Years ago, I gave up trying to explain to people that Cigarette is a powerboat brand, not a powerboat type. First, it doesn’t really matter all that much—most people think “Cigarette” and they see something really sleek, pointy, and sexy that moves across the water like nobody’s business. And that’s enough for them.

Released at the 2015 Miami International Boat Show, the 41’ GTR luxury performance center-console is already in demand.

Released at the 2015 Miami International Boat Show, the 41’ GTR luxury performance center-console is already in demand.

Second, Skip Braver, the owner and chief executive officer of Cigarette Racing Team and the rest of the crew at the iconic Opa-Locka, Fla., company have zero problem with that image—it's fine with the Cigarette folks. And that’s enough for me.

But in addition to all those “Cigarette boats,” the company makes several high-performance center-consoles that have attracted both traditional go-fast boat buyers (burned out on the lack of versatility and utility in their purpose-built speed machines) and new blood to the marketplace. During the 2015 Miami International Boat Show in February, the builder introduced a model called the 41’ GTR, a luxury performance center-console that is the outboard engine-powered sister ship to the 41’ Stern Drive 1040 introduced last fall.

For the record, both 41-footers are still pointy, sleek, and sexy, and both are already finding a welcome home in the center-console marketplace, according to Braver. And though he declined to provide specific unit sales figures, as has always been his policy with the media, he said that both models, which ride on the same stepped hull but have different decks, are taking off. He also said that the outboard engine-powered 41’ GTR currently is outselling the stern drive version.

Braver said he believes the difference is a matter of outboards being the traditional and far more common power choice for center-consoles. But he also said that the 41’ 1040 Stern Drive is finding its own audience, and that audience includes buyers who are completely new to boating.

Either way, the choice of power for the boat is downright democratic.

“With the ‘SD’ boat, we started with a completely clean sheet of paper,” he said. “It was an entirely new concept in boating—a true inboard center-console with an 11-foot beam and an extra large swim platform. That SD boat is in a completely different category, and it’s just beginning to get exposed. It’s a great boat for the Great Lakes and the Lake of the Ozarks. In Florida, everybody wants outboards, but in places like Seattle, where we just sold one, people want inboards. I never thought I’d ever sell a boat in Seattle, but this guy saw the SD on the Internet and fell in love with it.

Braver on the 41’ 1040 Stern Drive: “We started with a completely clean sheet of paper. It was an entirely new concept in boating."

Braver on the 41’ 1040 Stern Drive: “We started with a completely clean sheet of paper. It was an entirely new concept in boating."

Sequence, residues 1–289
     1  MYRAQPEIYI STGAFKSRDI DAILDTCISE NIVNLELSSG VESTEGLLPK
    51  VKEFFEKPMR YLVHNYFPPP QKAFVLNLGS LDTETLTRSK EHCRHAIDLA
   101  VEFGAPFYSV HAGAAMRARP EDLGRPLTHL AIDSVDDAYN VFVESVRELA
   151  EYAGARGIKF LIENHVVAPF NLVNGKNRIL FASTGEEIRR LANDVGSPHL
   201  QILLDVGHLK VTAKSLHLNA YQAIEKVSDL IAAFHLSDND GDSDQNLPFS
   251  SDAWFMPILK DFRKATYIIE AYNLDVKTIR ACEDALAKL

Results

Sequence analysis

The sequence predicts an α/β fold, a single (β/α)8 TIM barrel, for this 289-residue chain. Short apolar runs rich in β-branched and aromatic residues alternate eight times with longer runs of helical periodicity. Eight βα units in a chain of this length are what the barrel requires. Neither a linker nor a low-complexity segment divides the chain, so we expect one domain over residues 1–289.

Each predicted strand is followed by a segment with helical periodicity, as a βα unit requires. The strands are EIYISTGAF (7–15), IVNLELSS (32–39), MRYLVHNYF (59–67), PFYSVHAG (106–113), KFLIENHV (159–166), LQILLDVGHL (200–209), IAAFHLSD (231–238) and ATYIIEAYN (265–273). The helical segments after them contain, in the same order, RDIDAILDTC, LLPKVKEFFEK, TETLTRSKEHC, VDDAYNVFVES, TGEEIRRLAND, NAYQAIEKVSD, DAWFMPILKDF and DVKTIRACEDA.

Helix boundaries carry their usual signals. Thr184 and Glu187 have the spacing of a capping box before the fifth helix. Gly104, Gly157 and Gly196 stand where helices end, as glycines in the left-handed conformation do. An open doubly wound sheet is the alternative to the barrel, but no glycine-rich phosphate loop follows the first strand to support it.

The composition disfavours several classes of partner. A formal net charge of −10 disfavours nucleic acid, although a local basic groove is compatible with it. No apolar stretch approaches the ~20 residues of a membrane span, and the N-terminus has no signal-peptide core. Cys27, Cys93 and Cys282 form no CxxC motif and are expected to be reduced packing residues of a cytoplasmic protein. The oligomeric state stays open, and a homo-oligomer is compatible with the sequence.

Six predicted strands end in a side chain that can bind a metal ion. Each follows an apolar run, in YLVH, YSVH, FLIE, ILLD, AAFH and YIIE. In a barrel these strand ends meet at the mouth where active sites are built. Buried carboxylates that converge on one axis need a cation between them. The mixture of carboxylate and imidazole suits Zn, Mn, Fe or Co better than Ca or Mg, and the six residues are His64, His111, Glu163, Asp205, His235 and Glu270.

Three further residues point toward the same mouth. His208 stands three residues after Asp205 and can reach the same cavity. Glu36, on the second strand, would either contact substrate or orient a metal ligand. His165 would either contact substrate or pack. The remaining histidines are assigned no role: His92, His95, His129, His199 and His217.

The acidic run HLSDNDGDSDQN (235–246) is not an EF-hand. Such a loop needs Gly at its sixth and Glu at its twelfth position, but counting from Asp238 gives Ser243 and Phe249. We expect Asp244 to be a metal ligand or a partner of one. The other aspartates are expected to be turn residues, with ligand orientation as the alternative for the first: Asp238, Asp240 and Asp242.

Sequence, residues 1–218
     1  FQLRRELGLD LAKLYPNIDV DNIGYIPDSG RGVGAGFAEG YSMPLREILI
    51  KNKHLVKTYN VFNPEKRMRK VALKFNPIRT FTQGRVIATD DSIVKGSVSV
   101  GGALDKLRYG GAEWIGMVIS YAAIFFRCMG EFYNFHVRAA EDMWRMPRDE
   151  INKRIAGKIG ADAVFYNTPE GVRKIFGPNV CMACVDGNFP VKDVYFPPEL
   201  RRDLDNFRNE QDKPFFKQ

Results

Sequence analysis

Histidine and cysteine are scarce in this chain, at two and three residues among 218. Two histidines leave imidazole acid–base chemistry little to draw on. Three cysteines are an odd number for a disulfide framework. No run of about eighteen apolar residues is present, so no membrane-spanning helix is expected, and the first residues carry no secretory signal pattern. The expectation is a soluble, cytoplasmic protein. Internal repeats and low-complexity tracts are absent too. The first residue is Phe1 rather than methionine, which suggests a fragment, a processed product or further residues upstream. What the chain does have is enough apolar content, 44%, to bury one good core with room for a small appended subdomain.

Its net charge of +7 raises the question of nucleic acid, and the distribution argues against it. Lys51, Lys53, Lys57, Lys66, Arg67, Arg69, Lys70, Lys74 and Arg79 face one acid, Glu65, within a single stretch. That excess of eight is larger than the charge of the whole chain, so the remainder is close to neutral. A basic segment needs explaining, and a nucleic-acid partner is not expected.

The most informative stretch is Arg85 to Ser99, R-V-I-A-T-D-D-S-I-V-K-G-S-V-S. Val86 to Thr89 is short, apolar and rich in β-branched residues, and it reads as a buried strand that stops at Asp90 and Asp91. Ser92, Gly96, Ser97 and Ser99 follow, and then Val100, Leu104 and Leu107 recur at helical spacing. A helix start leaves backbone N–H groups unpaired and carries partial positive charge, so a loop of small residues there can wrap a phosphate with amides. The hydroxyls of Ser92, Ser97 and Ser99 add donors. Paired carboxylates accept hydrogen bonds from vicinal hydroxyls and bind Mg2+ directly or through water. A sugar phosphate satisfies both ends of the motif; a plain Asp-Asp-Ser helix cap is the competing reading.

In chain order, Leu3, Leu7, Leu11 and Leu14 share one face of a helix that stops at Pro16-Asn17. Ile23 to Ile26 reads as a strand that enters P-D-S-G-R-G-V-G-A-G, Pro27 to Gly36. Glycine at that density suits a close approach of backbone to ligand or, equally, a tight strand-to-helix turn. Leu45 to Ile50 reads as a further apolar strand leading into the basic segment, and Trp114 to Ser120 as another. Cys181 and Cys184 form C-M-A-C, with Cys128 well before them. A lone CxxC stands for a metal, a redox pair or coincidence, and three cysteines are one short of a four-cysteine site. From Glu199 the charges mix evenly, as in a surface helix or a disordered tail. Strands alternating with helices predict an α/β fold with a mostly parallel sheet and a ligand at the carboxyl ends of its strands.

“The GTR has been a runaway hit,” he continued. “We took the one built -- the one with quad Mercury Racing Verado 400 R outboards -- on the Miami Boat Show Poker Run with [Florida Powerboat Club founder and president] Stu Jones. That boat is Cigarette quality all the way, especially the way it handles and rides.”

Braver said that about half of the 41’ GTR models sold so far have been ordered with quad Verado 400 R engines. The other half have been ordered with quad Verado 350s, which became Mercury Marine products this year. (Their 350 SCi predecessors fell under the Mercury Racing umbrella.)

“With the 350s, you can upgrade to Mercury’s seven-year warranty,” said Braver. “That’s pretty attractive.”

Of course, the sportboat side of the Cigarette brand remains alive and well. Cigarette’s sportboat sales, especially for larger models including the 42 X and the 50 Marauder,  also are strong, according to Braver. As for what could be in the boat builder’s new-model plans moving forward, he declined to provide any detail.

“We keep tweaking what we know works, like creating a new windshield for the 42 Huntress,” said Braver. “Could we build a 50-foot Huntress? Sure. But what would that get us? Staterooms? I can already load the 42 Huntress with more friends than I have. We don’t do one-offs. We don’t want to build anything that doesn’t make sense. The SD boat made sense. The GTR made sense.

“We keep tweaking and tweaking and tweaking, and pushing and pushing and pushing the bar,” he added. “We’re not going to rest on our laurels. We’re going to keep pushing the edges of technology and design.”

Boat type or brand, center-console or sportboat, it really doesn’t matter. Cigarette continues to push forward. And that’s just fine with everyone.

Written by: Matt Trulio
Matt Trulio is the co-publisher and editor in chief of, a daily news site with a weekly newsletter and a new bi-monthly digital magazine that covers the high-performance powerboating world. The former editor-in-chief of Sportboat magazine and editor at large of Powerboat magazine, Trulio has covered the go-fast powerboat world since 1995. Since joining in 2000, he has written more than 200 features and blogs.